Radar equipment is on the way to probe the tomb for Queen Nefertiti .
No-one knows Tutankhamun better than Dr. Nicholas Reeves. The British Egyptologist has studied the boy king's tomb treasures more closely than anyone since Howard Carter discovered the tomb in 1922.
So when Dr. Reeves suggests that Tutankhamun's tomb originally belonged to Queen Nefertiti - and that the Queen's burial chamber lays hidden in the tomb, it makes sense to investigate.
Thankfully, Egypt's Antiquities Minister, Mamdouh al-Damaty, is curious: "We are giving Reeves a chance to prove his theory. We support all serious attempts for new archaeological discoveries."
Reeves believes that Tutankhamun's unexpected death saw Nefertiti's tomb pressed into service for the young king. The corridor just outside her burial chamber was widened to accommodate Tutankhamun's sarcophagus and large gilded shrines, while Nefertiti lay hidden behind a false partition wall.
Reeves proposes that after the death of Tutankhamun's father, Akhenaten, Nefertiti ruled in her own right for a few years and earned herself a place in the Valley of the Kings. He believes that high-resolution images of King Tut's tomb reveal lines in the plastered surfaces that suggest doorways to storage rooms or the queen's burial chamber.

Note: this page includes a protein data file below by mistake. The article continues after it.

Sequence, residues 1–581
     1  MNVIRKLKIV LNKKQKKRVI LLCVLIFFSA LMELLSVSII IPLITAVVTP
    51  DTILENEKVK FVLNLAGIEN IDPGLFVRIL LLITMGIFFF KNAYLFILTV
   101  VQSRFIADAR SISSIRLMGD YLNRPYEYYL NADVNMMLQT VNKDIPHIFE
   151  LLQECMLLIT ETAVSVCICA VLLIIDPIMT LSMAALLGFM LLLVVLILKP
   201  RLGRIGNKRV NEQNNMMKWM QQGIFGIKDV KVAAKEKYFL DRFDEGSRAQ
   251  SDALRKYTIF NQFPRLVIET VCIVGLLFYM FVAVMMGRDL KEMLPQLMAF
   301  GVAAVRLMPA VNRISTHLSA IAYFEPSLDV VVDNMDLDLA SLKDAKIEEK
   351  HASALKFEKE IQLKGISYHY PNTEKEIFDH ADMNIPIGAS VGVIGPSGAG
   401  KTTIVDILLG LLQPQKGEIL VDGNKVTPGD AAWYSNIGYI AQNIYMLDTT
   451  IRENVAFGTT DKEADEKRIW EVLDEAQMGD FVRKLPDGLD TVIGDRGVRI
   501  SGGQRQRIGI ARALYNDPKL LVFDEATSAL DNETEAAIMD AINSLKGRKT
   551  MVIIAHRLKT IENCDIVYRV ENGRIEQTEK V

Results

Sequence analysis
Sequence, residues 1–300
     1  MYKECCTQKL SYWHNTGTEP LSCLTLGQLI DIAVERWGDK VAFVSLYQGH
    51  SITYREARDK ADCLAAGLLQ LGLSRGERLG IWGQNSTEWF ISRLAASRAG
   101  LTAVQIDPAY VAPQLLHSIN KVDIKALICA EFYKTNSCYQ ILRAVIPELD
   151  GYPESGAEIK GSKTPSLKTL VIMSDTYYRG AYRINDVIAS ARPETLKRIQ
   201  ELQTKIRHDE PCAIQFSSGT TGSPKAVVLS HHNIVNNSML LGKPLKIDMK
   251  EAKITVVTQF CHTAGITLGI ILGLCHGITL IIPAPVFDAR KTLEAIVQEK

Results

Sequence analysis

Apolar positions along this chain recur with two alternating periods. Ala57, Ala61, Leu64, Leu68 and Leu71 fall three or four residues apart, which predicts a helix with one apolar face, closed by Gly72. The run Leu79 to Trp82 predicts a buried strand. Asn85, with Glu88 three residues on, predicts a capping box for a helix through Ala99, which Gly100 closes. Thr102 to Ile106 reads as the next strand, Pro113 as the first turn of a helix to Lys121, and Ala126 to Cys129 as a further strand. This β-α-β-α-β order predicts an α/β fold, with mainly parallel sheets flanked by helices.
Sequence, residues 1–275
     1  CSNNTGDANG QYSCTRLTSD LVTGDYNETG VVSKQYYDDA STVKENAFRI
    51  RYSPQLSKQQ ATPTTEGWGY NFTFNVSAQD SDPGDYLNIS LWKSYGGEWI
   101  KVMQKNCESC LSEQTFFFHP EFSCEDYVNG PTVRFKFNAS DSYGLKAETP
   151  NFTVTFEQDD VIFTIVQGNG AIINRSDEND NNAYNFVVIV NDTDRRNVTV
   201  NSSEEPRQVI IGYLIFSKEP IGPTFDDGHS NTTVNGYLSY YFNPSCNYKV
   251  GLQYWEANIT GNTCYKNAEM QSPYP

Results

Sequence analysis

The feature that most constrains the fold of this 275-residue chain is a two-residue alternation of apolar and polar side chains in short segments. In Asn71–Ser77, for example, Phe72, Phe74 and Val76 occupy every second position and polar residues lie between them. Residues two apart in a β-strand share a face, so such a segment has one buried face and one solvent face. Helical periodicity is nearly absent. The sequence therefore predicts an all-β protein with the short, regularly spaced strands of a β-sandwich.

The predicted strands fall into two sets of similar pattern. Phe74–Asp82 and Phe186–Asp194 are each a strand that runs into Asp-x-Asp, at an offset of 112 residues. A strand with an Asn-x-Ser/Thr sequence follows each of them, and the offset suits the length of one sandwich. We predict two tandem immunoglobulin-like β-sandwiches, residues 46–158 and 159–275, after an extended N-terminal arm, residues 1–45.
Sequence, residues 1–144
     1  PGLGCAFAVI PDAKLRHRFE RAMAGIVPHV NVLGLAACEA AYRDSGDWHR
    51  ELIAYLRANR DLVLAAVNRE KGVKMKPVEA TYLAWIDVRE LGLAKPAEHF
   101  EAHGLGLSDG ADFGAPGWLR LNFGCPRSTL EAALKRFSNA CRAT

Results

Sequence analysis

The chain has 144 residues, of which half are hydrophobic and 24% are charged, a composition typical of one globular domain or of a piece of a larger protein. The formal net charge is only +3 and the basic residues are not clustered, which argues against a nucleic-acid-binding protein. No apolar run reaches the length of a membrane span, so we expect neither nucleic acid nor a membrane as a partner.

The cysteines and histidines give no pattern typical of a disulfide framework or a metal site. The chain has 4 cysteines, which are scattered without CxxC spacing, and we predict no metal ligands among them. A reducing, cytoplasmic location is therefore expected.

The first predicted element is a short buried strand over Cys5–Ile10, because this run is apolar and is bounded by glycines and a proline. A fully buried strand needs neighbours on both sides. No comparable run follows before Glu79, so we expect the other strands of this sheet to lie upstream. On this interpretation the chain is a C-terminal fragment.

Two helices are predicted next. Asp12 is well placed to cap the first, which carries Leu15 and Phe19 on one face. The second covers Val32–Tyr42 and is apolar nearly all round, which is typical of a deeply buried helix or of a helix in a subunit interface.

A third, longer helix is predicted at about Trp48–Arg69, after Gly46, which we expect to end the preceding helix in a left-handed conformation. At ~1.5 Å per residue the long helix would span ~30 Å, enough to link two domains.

This week the Egyptian Antiquities Minister granted approval for the use of non-invasive radar to verify Reeves' theory. Reeves arrives in Luxor on Monday to present his findings to Antiquities Ministry authorities and to inspect the tomb.
Further to the burial chamber scans, a close scrutiny of Tutankhamun's tomb equipment reveals that the vast majority of it was prepared for someone else; and most of it was intended for a woman.
Pictured is one of the items in Tutankhamun's funerary assemblage that suggests that some of Nefertiti's burial equipment was repurposed for Tutankhamun. This gilded statuette of was found in the 'treasury' room of Tutankhamun's tomb and features quite prominent breasts. It is now in the Egyptian Museum in Cairo, (JE 60711 / Carter 296b).
The scanning equipment is being brought in from Japan, with the results due in around a month. Fingers' crossed Nicholas Reeves knows Tutankhamun's tomb as intimately as we hope.
Photo: Andreas F. Voeglin